If there's one significant thing that Joe and I have historically disagreed on, it's the role of grammar in a writer's toolbox. We complement each other well because as much as I love grammar and sentence structure, he equally embraces the dismissal of commas and the implementation of run-on sentences for art's sake. When you get down to brass tacks though, I have to admit that he kind of has a point: grammar is somewhat arbitrary.
Do not read that last sentence as permission to stop using periods. What I mean is that grammar is a fluid construct, evolving as language and speech patterns evolve.
We don't form our sentences the same way that Shakespeare and his contemporaries did. And truthfully, sometimes grammar doesn't make any logical sense. Anyone who has learned English as a second language can speak to the absurdity that is pluralizing noose/goose/moose.
The Importance of Correct Grammar
So if the rhyme and reason of the English language is subject to the whims of the Kardashians' sentence structure, why bother with grammar at all? Why not create all plurals by adding an “x” to the end of the word? Why not use commas instead of exclamation points? If language is constantly changing, why bother learning rules that are going to change too?
The short answer: consistency.
The reason that the rules of grammar exist is to give all speakers of the same language a playbook to make sure that they are understood by each other.
If you decided one day to stop pluralizing anything and just use the singular form for everything, that's great for your personal journaling or expression. Most other English speakers will need some guidance as to how many cows are actually in that pasture you're talking about—or are they in multiple pastures?
Readers Can't Read Your Mind
You can sprinkle periods wherever you want in a sentence, but readers are going to expect that thought you're trying to express will have concluded when they reach that period. Making a dependent clause a sentence all by itself is avant-garde, but when your reader can't figure out whether it's supposed to modify the sentence before it or after it, you've got a problem.
Rules Are Rules for a Reason
Some might argue that rules are made to be broken. In the case of writing, bending some of the rules can be a form of expression. However, rules should not be broken for the sake of breaking them. You're not going to keep the attention of an audience if they have to struggle to make sense of what you've written.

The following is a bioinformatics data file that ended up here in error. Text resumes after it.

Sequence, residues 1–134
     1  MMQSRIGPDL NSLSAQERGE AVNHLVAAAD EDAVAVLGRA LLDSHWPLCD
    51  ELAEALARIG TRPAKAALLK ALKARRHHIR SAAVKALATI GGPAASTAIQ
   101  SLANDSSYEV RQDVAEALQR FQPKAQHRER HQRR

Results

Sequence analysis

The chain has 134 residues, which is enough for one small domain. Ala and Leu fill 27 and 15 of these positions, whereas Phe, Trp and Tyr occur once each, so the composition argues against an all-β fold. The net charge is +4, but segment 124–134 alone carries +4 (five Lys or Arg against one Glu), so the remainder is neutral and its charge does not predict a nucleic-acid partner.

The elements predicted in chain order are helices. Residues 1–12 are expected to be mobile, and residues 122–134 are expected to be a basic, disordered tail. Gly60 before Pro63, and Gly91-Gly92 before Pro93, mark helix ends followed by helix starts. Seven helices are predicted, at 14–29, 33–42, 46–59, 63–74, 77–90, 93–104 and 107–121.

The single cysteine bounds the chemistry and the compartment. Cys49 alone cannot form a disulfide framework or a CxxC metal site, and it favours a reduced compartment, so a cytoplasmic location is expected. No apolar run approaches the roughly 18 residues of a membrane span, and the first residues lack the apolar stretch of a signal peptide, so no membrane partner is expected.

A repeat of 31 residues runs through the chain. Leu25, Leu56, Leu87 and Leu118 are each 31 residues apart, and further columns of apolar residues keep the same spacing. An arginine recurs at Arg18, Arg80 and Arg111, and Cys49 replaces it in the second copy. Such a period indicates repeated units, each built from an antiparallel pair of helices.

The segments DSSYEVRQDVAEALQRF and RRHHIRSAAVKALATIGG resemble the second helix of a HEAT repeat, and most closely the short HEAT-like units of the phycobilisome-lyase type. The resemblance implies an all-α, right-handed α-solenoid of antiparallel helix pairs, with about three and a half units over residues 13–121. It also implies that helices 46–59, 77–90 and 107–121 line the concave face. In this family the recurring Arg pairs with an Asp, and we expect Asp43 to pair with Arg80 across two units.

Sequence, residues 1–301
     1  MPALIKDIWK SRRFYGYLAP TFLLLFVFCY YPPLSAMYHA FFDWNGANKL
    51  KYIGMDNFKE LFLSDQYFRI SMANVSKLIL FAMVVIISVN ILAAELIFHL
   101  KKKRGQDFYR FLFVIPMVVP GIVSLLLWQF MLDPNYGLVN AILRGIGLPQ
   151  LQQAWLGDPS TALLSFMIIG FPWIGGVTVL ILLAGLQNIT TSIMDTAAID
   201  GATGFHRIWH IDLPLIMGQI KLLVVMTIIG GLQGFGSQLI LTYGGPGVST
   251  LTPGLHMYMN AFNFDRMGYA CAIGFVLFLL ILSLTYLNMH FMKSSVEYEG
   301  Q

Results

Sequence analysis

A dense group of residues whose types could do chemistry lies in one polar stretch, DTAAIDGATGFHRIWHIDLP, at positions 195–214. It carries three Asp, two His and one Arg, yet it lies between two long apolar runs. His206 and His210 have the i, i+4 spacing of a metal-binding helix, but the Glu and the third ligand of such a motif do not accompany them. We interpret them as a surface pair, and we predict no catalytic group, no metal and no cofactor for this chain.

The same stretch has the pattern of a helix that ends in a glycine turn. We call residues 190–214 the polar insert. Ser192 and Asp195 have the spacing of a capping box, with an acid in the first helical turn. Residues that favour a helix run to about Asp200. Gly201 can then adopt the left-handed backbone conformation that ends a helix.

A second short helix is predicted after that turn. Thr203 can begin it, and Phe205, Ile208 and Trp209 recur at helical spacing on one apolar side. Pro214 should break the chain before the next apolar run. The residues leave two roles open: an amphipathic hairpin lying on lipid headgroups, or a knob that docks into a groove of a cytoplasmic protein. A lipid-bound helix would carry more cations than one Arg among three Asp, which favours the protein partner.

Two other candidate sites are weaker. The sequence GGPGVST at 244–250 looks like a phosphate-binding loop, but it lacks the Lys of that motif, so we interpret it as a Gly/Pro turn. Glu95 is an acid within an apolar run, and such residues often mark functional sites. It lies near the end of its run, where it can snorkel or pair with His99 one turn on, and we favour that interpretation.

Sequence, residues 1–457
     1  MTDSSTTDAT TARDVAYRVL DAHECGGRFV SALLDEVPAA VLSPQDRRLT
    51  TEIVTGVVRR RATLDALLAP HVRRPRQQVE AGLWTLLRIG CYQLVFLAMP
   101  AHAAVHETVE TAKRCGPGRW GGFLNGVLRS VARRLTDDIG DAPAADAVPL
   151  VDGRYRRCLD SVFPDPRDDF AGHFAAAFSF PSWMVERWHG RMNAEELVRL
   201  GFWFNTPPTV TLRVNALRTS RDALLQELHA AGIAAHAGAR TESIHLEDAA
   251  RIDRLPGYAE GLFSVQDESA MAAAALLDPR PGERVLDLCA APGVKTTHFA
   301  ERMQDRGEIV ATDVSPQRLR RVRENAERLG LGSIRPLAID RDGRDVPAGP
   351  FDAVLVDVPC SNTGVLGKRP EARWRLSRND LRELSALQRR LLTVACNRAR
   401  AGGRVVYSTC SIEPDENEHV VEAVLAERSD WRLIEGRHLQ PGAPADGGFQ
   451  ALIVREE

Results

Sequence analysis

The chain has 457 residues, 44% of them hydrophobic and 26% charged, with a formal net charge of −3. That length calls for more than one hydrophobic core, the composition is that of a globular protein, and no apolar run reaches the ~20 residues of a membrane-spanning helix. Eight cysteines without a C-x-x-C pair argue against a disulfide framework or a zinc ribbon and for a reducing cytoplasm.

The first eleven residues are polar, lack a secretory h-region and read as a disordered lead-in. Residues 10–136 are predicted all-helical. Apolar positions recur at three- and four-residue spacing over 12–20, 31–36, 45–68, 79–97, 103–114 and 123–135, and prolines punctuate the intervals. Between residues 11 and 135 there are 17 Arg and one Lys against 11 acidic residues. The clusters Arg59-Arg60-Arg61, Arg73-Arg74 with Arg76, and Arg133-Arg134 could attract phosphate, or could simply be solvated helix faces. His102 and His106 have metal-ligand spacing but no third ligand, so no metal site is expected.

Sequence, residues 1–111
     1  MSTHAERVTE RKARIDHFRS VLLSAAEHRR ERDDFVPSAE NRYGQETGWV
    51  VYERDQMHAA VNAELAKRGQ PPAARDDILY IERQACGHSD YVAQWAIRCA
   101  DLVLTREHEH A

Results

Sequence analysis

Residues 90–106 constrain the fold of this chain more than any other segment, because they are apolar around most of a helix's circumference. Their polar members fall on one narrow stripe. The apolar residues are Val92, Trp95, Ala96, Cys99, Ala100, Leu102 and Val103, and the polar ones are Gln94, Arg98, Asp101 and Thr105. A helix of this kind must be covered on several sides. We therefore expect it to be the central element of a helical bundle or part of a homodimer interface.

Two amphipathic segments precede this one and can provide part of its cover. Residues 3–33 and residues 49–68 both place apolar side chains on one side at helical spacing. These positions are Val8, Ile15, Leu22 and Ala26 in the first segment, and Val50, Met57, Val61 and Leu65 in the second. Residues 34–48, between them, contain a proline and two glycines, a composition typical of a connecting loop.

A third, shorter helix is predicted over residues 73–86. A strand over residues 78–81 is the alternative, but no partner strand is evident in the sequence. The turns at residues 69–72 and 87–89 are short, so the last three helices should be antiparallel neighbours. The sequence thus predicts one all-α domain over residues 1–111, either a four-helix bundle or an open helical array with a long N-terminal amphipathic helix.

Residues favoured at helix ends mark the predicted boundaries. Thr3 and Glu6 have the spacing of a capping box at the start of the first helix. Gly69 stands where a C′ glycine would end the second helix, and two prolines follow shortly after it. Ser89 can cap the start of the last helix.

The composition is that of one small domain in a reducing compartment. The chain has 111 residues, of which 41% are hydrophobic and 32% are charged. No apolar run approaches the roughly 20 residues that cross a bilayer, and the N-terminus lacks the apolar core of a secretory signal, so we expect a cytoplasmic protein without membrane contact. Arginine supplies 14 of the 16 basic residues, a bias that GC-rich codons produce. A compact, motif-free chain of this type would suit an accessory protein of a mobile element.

Rules can be annoying and inconsistent, but they provide guidelines for language comprehension that are universally applied to language speakers. If your writing is incoherent, your audience is left perplexed and sometimes won't bother finishing your magnum opus.
What grammatical structure is your favorite? Which one do you find the most frustrating? Let us know in the comments!
We love messing with rules at the Write Practice. For the first ten minutes of your practice, write about a character interacting with a winter storm. This can be a rainstorm or snowstorm (since not everyone gets snow in the winter). Structure your sentences as though your 6th grade English teacher is over your shoulder and correcting your comma splices as you go.
Take the next five minutes of your practice and destroy everything you just wrote. Throw grammatical rules to the wind, but pick something to keep consistent. What are ways you can toy with the rules of grammar and still make yourself understood?
If you're feeling brave, post your practice in the comments. Be sure to leave notes on your fellow writers' practices too.
Liz Bureman has a more-than-healthy interest in proper grammatical structure, accurate spelling, and the underappreciated semicolon. When she's not diagramming sentences and reading blogs about how terribly written the Twilight series is, she edits for the Write Practice, causes trouble in Denver, and plays guitar very slowly and poorly. You can follow her on Twitter (@epbure), where she tweets more about music of the mid-90s than writing.